2. As an article of manufacture, a coated glass article having a tin oxide or titanium oxide layer directly adhered to the surface of said glass article and a copolymer of vinyl acetate with ethylene directly adhered to said oxide layer, said copolymer comprising about 14 to 30 percent vinyl acetate and about 70 to 86 percent ethylene, said coated article being scratch and abrasion resistant and receptive to labels and printing inks.

3. The article of claim 2 wherein said copolymer comprises about 27% vinyl acetate.

4. The article of claim 2 wherein said copolymer comprises about 14 percent vinyl acetate.

5. The article of claim 2 wherein said copolymer comprises about 30% vinyl acetate.

6. In a method for increasing the scratch and abrasion resistance of a glass surface wherein pyrolyzable tin or titanium compounds are applied to a hot glass surface to form a tin or titanium oxide layer thereon and then an organic material is sprayed onto said oxide layer, the improvement wherein said organic material comprises a label accepting copolymer selected from the group consisting of a copolymer of vinyl acetate with vinyl chloride, a copolymer of vinyl acetate with vinyl benzoate, a co polymer of ethylene with 14 to 30 percent vinyl acetate, a copolymer of vinyl acetate with dibutyl fumarate, a copolymer of vinyl acetate with methyl methacrylate, a copolymer of ethyl acrylate with methacrylic acid, and a copolymer of ethylene with about -40 percent ethyl acrylate,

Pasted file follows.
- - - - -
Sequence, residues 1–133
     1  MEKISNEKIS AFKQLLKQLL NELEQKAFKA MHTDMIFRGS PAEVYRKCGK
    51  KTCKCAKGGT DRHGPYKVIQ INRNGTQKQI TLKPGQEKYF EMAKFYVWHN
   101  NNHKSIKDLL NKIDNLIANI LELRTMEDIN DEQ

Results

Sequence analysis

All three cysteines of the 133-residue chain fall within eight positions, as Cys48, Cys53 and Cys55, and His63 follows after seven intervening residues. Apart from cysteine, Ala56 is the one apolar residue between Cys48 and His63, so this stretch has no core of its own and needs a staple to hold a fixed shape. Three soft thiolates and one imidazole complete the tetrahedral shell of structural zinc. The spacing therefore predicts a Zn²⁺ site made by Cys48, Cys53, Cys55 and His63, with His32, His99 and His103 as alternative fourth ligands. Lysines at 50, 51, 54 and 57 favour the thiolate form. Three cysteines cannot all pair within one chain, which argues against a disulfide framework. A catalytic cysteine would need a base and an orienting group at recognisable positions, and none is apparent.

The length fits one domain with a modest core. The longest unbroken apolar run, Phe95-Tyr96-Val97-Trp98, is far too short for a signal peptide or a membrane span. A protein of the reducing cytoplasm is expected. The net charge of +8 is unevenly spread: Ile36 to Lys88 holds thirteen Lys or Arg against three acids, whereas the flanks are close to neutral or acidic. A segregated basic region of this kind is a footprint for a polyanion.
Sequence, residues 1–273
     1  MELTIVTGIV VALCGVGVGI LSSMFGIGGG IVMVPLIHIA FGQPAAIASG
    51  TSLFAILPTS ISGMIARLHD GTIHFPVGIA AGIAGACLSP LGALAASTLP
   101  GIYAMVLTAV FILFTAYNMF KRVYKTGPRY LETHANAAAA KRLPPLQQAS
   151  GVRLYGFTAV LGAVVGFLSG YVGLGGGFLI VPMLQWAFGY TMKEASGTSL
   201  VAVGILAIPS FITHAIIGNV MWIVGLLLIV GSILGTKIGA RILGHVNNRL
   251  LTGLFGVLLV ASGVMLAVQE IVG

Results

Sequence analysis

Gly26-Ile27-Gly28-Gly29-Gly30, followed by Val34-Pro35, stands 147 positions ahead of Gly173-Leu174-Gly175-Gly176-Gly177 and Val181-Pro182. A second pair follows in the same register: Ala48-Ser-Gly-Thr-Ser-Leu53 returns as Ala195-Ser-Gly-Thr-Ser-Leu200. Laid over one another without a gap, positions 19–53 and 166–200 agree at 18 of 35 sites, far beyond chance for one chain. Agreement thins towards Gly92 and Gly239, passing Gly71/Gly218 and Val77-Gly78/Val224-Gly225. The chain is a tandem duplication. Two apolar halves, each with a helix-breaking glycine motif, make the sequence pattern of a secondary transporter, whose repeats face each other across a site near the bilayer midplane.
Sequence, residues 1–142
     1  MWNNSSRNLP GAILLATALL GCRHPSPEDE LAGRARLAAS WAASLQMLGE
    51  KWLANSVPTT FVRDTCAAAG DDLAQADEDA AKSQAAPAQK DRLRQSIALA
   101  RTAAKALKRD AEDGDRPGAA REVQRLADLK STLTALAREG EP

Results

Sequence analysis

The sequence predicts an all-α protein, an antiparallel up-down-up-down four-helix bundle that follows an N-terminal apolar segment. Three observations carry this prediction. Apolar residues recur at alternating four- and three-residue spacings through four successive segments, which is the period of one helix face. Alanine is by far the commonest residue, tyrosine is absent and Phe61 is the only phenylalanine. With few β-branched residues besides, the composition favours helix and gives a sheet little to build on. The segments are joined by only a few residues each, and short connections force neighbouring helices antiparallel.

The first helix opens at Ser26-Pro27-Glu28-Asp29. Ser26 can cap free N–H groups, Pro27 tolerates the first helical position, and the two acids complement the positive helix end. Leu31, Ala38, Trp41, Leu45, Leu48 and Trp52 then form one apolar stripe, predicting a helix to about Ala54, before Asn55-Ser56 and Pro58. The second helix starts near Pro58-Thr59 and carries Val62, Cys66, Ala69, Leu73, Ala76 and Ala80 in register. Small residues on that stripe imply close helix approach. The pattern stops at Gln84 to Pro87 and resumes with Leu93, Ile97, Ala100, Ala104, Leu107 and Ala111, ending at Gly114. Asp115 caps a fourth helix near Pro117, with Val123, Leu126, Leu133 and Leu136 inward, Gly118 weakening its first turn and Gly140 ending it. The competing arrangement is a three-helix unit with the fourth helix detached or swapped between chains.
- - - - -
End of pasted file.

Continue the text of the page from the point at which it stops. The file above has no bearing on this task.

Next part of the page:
7. As an article of manufacture, a coated glass article having a tin oxide or titanium oxide layer directly adhered to the surface of said glass article and a labelaccepting copolymer selected from the group consisting of a copolymer of vinyl acetate with vinyl chloride, a copolymer of vinyl acetate with vinyl benzoate, a copolymer of ethylene with 14 to percent vinyl acetate, a copolymer of vinyl acetate with dibutyl fumarate, a copolymer of vinyl acetate with methyl methacrylate, a copolymer of ethyl acrylate with methacrylic acid, and a copolymer of ethylene with about 10-40 percent ethyl acrylate adhered directly to said oxide layer.